By Tony Taylor - Crawford Scientific's Technical Director
Tony has been doing, researching, teaching and training in analytical chemistry for the past 28 years. He comes from a pharmaceutical and polymer analysis background and continues to work with both liquid and gas phase techniques at Crawford Scientific (UK). His main interests are the use of LC-MS and GC-MS for structural characterisation and the quantitation of trace components in complex matrices. He is a professionally qualified trainer and the Technical Director of the CHROMacademy.
Underutilised methods for optimising LC-MS sensitivity
I hear the words ‘struggling for sensitivity’ so often when speaking to folks using LC-MS for bioanalysis, environmental analysis, metabolomics, proteomics and a host of other applications where target analytes are present at low concentrations in complex matrices.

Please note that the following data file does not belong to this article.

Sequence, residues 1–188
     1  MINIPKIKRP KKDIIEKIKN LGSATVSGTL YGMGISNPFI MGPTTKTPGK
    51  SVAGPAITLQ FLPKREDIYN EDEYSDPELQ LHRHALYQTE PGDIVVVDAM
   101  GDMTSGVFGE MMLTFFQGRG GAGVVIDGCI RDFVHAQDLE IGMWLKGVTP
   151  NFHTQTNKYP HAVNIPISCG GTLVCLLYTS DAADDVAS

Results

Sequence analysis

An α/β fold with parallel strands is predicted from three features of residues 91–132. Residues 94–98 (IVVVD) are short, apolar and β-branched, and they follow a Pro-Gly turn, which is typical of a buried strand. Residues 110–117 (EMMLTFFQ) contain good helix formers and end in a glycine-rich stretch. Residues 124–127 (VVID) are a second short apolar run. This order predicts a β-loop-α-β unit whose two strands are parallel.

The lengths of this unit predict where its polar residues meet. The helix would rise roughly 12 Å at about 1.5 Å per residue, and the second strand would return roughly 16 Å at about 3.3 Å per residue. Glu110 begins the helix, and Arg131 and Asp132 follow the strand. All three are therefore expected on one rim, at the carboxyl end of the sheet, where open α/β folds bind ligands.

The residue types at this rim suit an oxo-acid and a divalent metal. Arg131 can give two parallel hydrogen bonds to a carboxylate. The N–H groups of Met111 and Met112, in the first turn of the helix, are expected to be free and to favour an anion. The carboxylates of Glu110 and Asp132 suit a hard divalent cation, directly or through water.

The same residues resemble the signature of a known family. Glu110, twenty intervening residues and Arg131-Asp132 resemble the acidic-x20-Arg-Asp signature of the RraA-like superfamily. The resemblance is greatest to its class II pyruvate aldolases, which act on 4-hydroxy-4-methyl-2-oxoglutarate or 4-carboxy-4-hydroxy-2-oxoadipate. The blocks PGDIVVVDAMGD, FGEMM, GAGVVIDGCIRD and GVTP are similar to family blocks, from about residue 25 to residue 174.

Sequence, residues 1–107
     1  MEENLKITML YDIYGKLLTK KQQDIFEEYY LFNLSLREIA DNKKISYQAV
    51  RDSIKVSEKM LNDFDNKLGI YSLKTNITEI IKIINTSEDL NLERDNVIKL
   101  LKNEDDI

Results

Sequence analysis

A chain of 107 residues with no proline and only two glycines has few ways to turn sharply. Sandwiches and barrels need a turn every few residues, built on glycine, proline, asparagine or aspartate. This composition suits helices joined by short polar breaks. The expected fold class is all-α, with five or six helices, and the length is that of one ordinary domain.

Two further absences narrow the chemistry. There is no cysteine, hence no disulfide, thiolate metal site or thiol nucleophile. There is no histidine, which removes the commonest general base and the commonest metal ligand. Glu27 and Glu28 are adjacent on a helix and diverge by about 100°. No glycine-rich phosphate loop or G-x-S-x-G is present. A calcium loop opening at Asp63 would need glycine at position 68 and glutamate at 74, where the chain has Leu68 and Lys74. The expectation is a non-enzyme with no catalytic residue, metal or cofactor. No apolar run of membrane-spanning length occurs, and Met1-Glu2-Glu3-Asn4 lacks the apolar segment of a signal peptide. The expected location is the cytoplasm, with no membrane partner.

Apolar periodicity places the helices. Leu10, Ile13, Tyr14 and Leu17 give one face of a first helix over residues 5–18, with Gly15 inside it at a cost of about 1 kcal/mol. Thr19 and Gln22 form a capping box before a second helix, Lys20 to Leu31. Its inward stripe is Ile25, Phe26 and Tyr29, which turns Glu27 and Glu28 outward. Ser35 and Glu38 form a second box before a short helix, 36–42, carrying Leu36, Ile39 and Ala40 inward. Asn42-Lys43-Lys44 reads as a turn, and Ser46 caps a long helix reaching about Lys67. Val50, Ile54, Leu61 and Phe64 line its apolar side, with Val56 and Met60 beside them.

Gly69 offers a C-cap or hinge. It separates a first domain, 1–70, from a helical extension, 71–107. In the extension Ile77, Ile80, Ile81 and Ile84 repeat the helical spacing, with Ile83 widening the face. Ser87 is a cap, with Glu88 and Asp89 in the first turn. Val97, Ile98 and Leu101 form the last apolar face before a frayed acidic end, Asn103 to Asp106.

Data Systems - do you know where your results comes from?
I’m sure most of us will be aware of the Able Labs fraud of the early 2000’s in which chromatographic data was manipulated to ensure that failing batches of generics drugs were in fact passed as pit for purpose [1,2]. This fraud involved manipulation of chromatographic baselines, as well as adjustments of weights, purity factors, and calculations to ensure acceptable results.
Going back in time – Ternary and Quaternary Gradients
Until recently, I hadn’t heard of ternary or quaternary gradients being used for many years. They have gained a reputation for being somewhat difficult to reproduce – less robust if you like.
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